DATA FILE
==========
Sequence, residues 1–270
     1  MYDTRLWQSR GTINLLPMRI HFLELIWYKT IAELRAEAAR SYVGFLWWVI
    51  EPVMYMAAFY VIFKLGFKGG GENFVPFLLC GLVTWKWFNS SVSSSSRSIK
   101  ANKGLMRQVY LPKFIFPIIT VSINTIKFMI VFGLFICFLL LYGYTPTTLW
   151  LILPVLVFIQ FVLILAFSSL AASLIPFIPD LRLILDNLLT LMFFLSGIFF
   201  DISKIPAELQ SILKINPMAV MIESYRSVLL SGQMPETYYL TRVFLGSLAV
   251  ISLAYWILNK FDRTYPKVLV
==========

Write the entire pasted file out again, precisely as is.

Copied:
Sequence, residues 1–270
     1  MYDTRLWQSR GTINLLPMRI HFLELIWYKT IAELRAEAAR SYVGFLWWVI
    51  EPVMYMAAFY VIFKLGFKGG GENFVPFLLC GLVTWKWFNS SVSSSSRSIK
   101  ANKGLMRQVY LPKFIFPIIT VSINTIKFMI VFGLFICFLL LYGYTPTTLW
   151  LILPVLVFIQ FVLILAFSSL AASLIPFIPD LRLILDNLLT LMFFLSGIFF
   201  DISKIPAELQ SILKINPMAV MIESYRSVLL SGQMPETYYL TRVFLGSLAV
   251  ISLAYWILNK FDRTYPKVLV